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Deep Learning

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Shivon Zilis - Machine Intelligence Machine Intelligence in the Real World (this pieces was originally posted on Tech Crunch) . I’ve been laser-focused on machine intelligence in the past few years. David MacKay: Information Theory, Inference, and Learning Algorithms: The Book Download the book too You can browse and search the book on Google books. You may download The book in one file (640 pages):

Machine Learning in 7 Pictures Basic machine learning concepts of Bias vs Variance Tradeoff, Avoiding overfitting, Bayesian inference and Occam razor, Feature combination, Non-linear basis functions, and more - explained via pictures. By Deniz Yuret, Feb 2014. I find myself coming back to the same few pictures when explaining basic machine learning concepts. A Neural Network Playground Um, What Is a Neural Network? It’s a technique for building a computer program that learns from data. It is based very loosely on how we think the human brain works. First, a collection of software “neurons” are created and connected together, allowing them to send messages to each other.

Intelligence matters: Artificial intelligence and algorithms Welcome back. Please sign in. Welcome back. {* #userInformationForm *} {* traditionalSignIn_emailAddress *} {* traditionalSignIn_password *} Jupyter Notebook Viewer Probabilistic Programming & Bayesian Methods for Hackers¶ Using Python and PyMC¶ The Bayesian method is the natural approach to inference, yet it is hidden from readers behind chapters of slow, mathematical analysis. The typical text on Bayesian inference involves two to three chapters on probability theory, then enters what Bayesian inference is. Unfortunately, due to mathematical intractability of most Bayesian models, the reader is only shown simple, artificial examples.

Occam’s Razor and PAC-learning So far our discussion of learning theory has been seeing the definition of PAC-learning, tinkering with it, and seeing simple examples of learnable concept classes. We’ve said that our real interest is in proving big theorems about what big classes of problems can and can’t be learned. One major tool for doing this with PAC is the concept of VC-dimension, but to set the stage we’re going to prove a simpler theorem that gives a nice picture of PAC-learning when your hypothesis class is small. In short, the theorem we’ll prove says that if you have a finite set of hypotheses to work with, and you can always find a hypothesis that’s consistent with the data you’ve seen, then you can learn efficiently. It’s obvious, but we want to quantify exactly how much data you need to ensure low error. This will also give us some concrete mathematical justification for philosophical claims about simplicity, and the theorems won’t change much when we generalize to VC-dimension in a future post.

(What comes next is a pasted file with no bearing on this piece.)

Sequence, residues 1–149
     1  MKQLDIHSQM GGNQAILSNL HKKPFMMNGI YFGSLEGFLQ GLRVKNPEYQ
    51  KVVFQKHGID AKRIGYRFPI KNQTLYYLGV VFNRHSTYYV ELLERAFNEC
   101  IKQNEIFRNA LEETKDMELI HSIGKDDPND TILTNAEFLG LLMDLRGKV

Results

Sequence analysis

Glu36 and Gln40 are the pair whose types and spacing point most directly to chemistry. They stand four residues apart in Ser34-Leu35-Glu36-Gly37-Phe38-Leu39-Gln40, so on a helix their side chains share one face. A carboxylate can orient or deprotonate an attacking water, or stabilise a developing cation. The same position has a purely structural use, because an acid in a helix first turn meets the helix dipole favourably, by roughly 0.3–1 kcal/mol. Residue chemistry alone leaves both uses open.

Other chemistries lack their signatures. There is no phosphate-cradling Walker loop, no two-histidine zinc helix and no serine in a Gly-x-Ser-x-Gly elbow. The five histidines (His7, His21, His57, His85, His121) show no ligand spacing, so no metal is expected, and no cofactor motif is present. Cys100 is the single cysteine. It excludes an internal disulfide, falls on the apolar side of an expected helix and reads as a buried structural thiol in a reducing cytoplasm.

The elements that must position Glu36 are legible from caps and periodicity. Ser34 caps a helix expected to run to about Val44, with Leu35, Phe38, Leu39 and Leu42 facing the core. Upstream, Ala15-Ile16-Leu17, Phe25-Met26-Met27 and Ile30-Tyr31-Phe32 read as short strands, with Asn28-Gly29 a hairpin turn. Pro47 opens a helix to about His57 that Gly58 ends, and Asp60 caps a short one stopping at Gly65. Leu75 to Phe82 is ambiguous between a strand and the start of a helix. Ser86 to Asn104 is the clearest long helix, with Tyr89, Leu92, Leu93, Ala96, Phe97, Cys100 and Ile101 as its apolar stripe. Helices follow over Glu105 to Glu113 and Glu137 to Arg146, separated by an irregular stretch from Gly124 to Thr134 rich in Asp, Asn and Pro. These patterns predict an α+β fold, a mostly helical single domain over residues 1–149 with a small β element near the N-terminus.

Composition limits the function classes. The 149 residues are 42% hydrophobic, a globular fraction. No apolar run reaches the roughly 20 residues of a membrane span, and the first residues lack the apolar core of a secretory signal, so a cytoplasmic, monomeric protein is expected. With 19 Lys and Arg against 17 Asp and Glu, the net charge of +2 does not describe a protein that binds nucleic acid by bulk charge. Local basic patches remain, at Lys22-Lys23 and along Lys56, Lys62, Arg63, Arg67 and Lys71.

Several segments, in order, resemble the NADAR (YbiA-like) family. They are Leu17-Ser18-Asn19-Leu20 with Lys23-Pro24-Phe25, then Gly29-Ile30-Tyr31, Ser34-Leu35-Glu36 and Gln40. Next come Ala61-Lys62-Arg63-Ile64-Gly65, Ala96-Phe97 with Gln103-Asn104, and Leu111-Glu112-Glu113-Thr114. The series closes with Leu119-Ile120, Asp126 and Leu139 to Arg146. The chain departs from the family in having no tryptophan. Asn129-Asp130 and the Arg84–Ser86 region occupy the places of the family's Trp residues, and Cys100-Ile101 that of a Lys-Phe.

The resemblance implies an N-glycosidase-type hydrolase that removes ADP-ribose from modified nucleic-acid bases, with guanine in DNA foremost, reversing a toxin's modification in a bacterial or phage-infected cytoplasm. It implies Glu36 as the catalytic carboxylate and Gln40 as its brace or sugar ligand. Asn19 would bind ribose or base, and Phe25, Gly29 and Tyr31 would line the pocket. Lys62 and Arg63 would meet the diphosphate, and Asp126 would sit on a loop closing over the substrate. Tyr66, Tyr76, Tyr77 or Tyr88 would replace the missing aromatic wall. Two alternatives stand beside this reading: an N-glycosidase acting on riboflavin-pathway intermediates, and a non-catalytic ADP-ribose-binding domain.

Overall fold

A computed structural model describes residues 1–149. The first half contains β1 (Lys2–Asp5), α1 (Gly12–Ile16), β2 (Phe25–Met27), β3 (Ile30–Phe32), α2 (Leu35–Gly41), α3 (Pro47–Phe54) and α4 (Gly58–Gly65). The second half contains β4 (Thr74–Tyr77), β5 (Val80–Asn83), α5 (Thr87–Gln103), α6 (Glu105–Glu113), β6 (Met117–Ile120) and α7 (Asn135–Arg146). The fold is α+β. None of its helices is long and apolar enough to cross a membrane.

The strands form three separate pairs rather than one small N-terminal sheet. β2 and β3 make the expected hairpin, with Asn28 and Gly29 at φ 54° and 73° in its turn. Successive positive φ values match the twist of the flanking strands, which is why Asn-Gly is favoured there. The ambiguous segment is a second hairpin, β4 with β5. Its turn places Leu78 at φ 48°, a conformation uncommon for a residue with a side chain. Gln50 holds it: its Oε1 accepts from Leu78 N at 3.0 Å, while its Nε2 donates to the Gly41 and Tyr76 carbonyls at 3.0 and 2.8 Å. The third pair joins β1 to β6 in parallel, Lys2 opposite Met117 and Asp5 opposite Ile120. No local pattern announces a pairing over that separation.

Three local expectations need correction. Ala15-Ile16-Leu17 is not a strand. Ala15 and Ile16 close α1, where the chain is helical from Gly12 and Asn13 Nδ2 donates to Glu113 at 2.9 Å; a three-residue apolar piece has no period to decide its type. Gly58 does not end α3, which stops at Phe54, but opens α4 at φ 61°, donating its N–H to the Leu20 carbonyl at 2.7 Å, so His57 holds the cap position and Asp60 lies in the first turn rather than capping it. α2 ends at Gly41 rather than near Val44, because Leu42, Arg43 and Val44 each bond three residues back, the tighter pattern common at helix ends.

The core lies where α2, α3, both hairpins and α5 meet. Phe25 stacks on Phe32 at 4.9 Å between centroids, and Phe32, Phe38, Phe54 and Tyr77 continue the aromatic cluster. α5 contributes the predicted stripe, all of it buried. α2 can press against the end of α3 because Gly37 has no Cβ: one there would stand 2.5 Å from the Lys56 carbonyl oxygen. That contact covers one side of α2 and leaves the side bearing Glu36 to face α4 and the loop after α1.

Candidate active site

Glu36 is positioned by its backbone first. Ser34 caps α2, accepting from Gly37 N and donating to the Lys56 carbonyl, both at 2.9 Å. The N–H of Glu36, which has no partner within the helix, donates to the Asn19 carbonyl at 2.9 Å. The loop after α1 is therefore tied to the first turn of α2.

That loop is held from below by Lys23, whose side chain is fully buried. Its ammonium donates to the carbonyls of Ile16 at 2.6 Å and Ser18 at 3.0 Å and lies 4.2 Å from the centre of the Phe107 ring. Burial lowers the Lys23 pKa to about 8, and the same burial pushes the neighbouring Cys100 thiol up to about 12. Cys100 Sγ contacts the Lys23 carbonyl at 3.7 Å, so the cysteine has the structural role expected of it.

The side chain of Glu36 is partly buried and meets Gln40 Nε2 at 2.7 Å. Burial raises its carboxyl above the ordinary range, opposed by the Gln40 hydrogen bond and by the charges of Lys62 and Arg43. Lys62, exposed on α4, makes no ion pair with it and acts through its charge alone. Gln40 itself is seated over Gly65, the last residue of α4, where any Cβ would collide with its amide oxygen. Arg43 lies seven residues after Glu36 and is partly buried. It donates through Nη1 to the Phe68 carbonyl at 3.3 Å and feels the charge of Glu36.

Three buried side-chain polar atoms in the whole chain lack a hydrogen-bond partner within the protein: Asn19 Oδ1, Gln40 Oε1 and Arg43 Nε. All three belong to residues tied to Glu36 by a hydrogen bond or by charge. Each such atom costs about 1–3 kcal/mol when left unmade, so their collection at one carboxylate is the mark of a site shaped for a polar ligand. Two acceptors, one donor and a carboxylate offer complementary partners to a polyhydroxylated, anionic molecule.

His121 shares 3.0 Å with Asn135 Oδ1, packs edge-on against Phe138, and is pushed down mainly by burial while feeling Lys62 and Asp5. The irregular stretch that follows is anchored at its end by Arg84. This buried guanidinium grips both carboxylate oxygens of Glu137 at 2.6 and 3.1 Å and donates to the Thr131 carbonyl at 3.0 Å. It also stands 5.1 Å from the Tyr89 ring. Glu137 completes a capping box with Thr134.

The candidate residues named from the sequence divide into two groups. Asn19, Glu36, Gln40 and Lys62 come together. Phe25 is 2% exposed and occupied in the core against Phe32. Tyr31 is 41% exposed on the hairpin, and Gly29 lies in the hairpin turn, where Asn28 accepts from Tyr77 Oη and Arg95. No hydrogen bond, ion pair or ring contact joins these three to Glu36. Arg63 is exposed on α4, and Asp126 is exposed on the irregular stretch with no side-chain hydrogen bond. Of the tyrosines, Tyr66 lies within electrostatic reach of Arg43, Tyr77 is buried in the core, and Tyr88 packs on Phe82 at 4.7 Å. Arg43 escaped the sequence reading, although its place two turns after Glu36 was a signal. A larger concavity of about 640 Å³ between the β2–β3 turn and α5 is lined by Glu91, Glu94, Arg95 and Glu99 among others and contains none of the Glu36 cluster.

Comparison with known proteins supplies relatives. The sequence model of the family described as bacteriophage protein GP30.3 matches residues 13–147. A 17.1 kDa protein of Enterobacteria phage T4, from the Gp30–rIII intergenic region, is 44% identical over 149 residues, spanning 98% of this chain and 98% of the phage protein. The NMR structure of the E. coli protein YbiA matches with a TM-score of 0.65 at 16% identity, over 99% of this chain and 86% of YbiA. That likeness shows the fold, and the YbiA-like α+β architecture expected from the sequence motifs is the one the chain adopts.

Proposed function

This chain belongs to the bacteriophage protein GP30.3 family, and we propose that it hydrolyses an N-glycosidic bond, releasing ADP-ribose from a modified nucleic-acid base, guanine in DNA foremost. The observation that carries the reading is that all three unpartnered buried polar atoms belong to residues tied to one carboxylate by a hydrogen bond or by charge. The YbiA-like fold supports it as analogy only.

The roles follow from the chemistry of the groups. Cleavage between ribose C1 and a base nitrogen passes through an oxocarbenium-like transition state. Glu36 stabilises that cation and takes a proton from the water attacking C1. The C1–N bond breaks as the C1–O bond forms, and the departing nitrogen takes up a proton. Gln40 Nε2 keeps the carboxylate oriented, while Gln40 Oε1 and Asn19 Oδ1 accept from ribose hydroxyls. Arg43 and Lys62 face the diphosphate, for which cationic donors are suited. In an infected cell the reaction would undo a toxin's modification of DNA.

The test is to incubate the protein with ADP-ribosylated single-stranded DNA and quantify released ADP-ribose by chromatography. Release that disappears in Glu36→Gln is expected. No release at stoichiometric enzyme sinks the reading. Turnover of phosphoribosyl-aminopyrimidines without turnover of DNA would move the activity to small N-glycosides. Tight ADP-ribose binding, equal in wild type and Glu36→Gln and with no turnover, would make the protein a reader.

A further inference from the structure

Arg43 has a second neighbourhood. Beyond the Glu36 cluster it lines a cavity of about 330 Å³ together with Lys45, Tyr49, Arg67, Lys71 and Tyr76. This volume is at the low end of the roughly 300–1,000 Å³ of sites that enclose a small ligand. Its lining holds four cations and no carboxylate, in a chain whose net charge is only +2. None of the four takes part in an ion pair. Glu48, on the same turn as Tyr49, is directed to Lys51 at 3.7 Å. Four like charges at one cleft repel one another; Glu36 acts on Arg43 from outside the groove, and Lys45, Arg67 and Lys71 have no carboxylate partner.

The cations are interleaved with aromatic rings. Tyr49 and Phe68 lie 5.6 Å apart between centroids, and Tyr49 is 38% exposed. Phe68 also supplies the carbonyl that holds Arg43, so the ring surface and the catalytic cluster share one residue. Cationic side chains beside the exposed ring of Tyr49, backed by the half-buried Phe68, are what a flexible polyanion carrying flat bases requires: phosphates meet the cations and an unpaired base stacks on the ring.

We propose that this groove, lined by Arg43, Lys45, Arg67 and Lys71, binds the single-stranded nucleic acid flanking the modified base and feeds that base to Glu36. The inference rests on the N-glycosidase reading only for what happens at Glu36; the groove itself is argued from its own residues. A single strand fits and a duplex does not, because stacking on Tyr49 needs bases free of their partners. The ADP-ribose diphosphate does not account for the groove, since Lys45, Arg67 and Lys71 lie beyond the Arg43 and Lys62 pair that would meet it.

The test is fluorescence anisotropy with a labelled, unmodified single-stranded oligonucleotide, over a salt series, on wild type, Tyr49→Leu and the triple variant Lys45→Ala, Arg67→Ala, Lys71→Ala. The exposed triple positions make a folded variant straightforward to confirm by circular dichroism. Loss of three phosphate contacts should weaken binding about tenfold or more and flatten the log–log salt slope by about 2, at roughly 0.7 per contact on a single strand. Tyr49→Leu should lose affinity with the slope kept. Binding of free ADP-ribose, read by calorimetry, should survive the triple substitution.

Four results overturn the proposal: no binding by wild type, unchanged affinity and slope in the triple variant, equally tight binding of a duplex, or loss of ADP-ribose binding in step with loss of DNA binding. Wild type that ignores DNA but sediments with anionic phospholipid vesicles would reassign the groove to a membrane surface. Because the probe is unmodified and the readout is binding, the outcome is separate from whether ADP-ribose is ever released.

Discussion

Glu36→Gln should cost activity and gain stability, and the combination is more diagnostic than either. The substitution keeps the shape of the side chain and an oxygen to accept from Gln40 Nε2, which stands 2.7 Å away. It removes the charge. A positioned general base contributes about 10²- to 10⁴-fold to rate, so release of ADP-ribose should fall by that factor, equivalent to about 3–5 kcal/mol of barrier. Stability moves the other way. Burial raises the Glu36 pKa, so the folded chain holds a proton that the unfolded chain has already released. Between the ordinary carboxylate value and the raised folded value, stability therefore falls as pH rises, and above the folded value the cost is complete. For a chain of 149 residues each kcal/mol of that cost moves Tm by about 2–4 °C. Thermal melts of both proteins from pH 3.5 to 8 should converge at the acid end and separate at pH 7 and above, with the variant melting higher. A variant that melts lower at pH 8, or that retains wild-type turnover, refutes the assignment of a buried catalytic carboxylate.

Where Computers Defeat Humans, and Where They Can’t Photo ALPHAGO, the artificial intelligence system built by the Google subsidiary DeepMind, has just defeated the human champion, Lee Se-dol, four games to one in the tournament of the strategy game of Go. Why does this matter? After all, computers surpassed humans in chess in 1997, when IBM’s Deep Blue beat Garry Kasparov. Introduction to Statistical Learning An Introduction to Statistical Learning with Applications in R Gareth James, Daniela Witten, Trevor Hastie and Robert Tibshirani

Probably Approximately Correct — a Formal Theory of Learning In tackling machine learning (and computer science in general) we face some deep philosophical questions. Questions like, “What does it mean to learn?” and, “Can a computer learn?” and, “How do you define simplicity?” and, “Why does Occam’s Razor work? Deep Learning Can I get a PDF of this book? No, our contract with MIT Press forbids distribution of too easily copied electronic formats of the book. Google employees who would like a paper copy of the book can send Ian the name of the printer nearest their desk and he will send a print job to that printer containing as much of the book as you would like to read.Why are you using HTML format for the drafts? This format is a sort of weak DRM. It's intended to discourage unauthorized copying/editing of the book. Unfortunately, the conversion from PDF to HTML is not perfect, and some things like subscript expressions do not render correctly.

Tool: 31 Resources to Learn AI & Deep Learning, From Beginner to Advanced — Humanizing Technology Tool: 31 Resources to Learn AI & Deep Learning, From Beginner to Advanced I’ve spent the last few weeks learning, well, about deep learning. I’ve parsed through the internet, read a ton, and tried to get a sense of where we are as a community. 13 Free Self-Study Books on Mathematics, Machine Learning & Deep Learning Introduction Getting learners to read textbooks and use other teaching aids effectively can be tricky. Especially, when the books are just too dreary. In this post, we’ve compiled great e-resources for you digital natives looking to explore the exciting world of Machine Learning and Neural Networks.

Theoretical Motivations for Deep Learning This post is based on the lecture “Deep Learning: Theoretical Motivations” given by Dr. Yoshua Bengio at Deep Learning Summer School, Montreal 2015. I highly recommend the lecture for a deeper understanding of the topic.